Tatman-Burruss is working with CSU graduate student Maria Steffen and political science senior Lauren Myli to compile and evaluate definitions for terms such as “tiny houses on wheels” and “accessory dwelling units” – evaluating how cities such as Seattle and Denver have incorporated and implemented them.
“The students are helping us understand aspects of our code that are constraining,” said Tatman-Burruss. “We plan to take their work and have that inform our approach to smaller dwelling units in different areas of the city. It’s very useful work.”
Steffen and Myli are comparing other cities’ existing land use and construction code requirements for alternative housing types with those of Fort Collins, collecting data to support the justification of legalizing various alternative housing types to inform future codes and ordinances.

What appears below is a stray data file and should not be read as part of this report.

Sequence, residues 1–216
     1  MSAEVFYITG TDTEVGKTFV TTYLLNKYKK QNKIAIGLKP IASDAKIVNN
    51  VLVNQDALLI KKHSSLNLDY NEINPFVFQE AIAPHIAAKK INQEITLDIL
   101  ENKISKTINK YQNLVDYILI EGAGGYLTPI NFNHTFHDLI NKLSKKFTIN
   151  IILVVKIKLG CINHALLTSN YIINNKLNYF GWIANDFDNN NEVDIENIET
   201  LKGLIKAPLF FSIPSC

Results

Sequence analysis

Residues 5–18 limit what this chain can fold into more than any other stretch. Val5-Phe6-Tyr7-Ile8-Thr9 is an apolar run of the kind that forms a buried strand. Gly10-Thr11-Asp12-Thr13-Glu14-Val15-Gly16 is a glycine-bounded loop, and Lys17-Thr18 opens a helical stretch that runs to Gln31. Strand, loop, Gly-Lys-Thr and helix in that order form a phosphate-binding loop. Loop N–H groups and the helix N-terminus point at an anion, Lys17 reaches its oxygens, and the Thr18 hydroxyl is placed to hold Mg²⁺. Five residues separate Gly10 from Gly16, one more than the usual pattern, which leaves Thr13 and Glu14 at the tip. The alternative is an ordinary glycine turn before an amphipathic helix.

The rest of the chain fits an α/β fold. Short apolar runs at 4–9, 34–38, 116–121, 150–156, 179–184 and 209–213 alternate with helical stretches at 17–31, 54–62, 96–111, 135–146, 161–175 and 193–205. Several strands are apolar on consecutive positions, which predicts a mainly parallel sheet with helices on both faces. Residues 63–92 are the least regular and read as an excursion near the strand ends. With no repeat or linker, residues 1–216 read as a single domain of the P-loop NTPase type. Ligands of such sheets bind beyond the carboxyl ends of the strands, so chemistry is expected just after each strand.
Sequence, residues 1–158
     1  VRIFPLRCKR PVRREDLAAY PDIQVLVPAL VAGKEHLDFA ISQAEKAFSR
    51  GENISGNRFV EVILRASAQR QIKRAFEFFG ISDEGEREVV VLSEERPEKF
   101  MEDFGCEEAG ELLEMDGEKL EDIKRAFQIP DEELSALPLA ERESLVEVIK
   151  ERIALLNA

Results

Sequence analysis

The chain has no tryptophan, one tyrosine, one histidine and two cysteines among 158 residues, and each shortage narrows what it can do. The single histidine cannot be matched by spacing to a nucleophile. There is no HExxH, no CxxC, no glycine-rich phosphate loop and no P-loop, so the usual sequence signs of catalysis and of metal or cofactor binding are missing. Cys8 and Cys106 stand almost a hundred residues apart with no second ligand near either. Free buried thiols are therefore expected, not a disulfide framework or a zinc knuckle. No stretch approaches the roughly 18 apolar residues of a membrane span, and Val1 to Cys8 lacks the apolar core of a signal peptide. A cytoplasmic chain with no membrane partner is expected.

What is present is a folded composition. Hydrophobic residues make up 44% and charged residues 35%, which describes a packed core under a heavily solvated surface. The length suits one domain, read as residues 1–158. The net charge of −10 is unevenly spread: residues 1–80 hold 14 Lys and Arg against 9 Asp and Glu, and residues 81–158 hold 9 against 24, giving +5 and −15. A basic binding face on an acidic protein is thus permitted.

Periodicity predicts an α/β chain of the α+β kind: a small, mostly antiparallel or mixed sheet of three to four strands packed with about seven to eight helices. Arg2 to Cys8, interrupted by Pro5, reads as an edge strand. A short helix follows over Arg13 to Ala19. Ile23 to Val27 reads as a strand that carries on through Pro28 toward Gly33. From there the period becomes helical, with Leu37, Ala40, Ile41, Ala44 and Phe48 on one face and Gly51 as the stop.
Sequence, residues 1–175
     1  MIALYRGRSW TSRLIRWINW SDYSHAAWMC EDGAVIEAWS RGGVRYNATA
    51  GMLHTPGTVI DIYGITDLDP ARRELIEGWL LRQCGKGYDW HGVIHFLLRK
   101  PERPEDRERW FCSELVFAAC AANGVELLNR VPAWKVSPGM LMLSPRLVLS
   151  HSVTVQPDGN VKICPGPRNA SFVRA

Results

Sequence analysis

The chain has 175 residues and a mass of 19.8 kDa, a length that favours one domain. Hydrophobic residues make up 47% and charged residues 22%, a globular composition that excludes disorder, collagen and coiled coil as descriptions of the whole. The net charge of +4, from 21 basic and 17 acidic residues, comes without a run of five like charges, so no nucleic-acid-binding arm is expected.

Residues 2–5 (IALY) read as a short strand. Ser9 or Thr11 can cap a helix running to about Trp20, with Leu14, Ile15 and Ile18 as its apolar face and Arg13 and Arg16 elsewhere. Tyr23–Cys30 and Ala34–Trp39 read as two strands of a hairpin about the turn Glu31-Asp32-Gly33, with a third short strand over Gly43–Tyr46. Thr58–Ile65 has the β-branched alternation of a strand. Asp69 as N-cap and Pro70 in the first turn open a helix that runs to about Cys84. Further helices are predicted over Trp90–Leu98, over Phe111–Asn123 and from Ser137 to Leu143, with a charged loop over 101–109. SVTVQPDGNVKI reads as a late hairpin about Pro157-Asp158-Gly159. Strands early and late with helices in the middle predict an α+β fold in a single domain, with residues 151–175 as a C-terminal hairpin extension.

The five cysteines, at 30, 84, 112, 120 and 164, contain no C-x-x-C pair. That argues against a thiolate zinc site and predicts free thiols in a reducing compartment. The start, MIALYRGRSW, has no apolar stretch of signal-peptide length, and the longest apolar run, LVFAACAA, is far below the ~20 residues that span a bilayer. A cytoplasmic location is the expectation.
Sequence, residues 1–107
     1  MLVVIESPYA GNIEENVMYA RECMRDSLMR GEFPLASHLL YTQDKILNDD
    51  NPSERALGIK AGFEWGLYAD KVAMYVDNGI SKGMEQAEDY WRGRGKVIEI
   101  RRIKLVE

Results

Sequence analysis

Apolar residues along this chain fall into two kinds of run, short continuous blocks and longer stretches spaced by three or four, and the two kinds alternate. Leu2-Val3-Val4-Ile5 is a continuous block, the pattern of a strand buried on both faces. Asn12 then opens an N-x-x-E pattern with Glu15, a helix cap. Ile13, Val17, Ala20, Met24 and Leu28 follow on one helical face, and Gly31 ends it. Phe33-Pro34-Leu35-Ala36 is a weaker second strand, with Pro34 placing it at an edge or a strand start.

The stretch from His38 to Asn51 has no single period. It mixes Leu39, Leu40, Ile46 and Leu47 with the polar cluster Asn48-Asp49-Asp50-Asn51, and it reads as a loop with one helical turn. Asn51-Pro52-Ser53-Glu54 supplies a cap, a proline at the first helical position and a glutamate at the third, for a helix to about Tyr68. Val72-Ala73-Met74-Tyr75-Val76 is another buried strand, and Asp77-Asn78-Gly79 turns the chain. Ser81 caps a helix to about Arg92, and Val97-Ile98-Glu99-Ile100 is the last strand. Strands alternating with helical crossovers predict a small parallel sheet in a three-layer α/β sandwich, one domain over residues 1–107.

“Tiny houses provide something for the homeless population that other shelters have a hard time providing,” said Steffen, who is on track to graduate with a master’s in occupational therapy in August. “And that is privacy and a greater sense of dignity, with a lockable space to call their own.”
Building more tiny homes and other alternative housing designs may not solve the nation’s affordable housing crisis overnight, but eliminating barriers to building them could help residents and families across the U.S. secure shelter, save money, and live healthier, stabler lives.
“The legalization of tiny houses, especially tiny houses on wheels, could help address Colorado’s population explosion and increasingly high housing costs – especially for those with lower incomes and fewer resources,” Steffen said.